In the third section the man (God the Father) is portrayed as having two sons. The symbolism is Christ and Satan. The far-off place is the wilderness of sin and the place of traffic and merchandise, for which Satan was condemned and for which he fell from grace (see Isa. 14:12-19; Ezek. 28:12-19). So God has a faithful and obedient son and a prodigal or wayward son (Luke 15:11-32).
The second son could not wait for the bounty that was to be bestowed upon him. Being in the form of God he sought to grasp equality with God. Christ the elder son did not seek to grasp this equality (Phil. 2:5-8).
Satan is to be removed and changed so that this being is not to be anymore (Ezek. 28:12-19). Thus, there is a process of restoration to deal with the Host as well in the final judgment (see the paper The Judgment of the Demons (No. 80)).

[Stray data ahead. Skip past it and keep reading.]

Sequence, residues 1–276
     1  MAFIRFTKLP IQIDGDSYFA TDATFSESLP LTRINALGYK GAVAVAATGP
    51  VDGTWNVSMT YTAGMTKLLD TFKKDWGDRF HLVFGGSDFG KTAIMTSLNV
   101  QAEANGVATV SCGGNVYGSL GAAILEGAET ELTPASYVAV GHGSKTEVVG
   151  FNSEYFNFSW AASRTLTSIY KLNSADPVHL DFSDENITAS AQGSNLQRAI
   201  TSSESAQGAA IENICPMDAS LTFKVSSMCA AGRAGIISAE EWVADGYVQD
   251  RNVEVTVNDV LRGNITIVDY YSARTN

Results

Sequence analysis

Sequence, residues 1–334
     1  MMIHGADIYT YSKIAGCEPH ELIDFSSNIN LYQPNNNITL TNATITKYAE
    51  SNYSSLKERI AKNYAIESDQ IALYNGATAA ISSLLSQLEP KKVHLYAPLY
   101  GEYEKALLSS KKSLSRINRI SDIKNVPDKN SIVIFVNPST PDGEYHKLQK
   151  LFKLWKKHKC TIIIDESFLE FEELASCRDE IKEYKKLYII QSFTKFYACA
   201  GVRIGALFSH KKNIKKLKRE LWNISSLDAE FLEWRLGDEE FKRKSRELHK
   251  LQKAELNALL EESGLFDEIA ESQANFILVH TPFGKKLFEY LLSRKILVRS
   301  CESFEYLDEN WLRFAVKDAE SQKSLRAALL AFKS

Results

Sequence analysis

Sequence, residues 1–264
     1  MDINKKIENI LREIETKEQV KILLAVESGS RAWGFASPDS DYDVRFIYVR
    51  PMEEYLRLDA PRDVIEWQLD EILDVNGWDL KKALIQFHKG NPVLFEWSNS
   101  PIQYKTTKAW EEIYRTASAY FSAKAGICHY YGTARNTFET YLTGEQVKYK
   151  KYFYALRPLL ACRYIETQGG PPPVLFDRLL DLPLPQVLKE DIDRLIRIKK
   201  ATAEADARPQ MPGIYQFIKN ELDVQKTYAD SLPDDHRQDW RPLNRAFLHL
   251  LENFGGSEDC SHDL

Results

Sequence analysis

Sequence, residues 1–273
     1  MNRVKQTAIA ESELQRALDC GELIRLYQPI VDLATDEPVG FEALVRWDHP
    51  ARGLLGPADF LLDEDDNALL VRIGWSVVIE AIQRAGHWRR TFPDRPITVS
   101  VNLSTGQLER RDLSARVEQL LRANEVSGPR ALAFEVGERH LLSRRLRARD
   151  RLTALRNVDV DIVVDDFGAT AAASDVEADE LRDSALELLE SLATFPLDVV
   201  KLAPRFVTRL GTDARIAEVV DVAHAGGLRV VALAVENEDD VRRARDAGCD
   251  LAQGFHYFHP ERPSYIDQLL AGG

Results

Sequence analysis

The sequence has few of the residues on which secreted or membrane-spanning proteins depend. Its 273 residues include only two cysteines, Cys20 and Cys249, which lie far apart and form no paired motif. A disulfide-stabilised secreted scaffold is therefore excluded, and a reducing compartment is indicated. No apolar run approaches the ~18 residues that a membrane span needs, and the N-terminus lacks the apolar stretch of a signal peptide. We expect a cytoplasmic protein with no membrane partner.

Christ remained steady and loyal and was always by the side of God. Yet we saw that he had to go away to recover the sheep that were lost. This was only by example and self-sacrifice. We cannot read the three parables in isolation, as the text in Luke is the complete sequence. The parable was not meant to be fully understood until the demons had the full chance to repent.
We see from Luke 15:13 that not many days after Satan was given the power and wealth, he went into a far country and wasted his substance with riotous living. This essentially is the message in Ezekiel and Isaiah. In the full story he took a third of the Host (Rev. 12:4).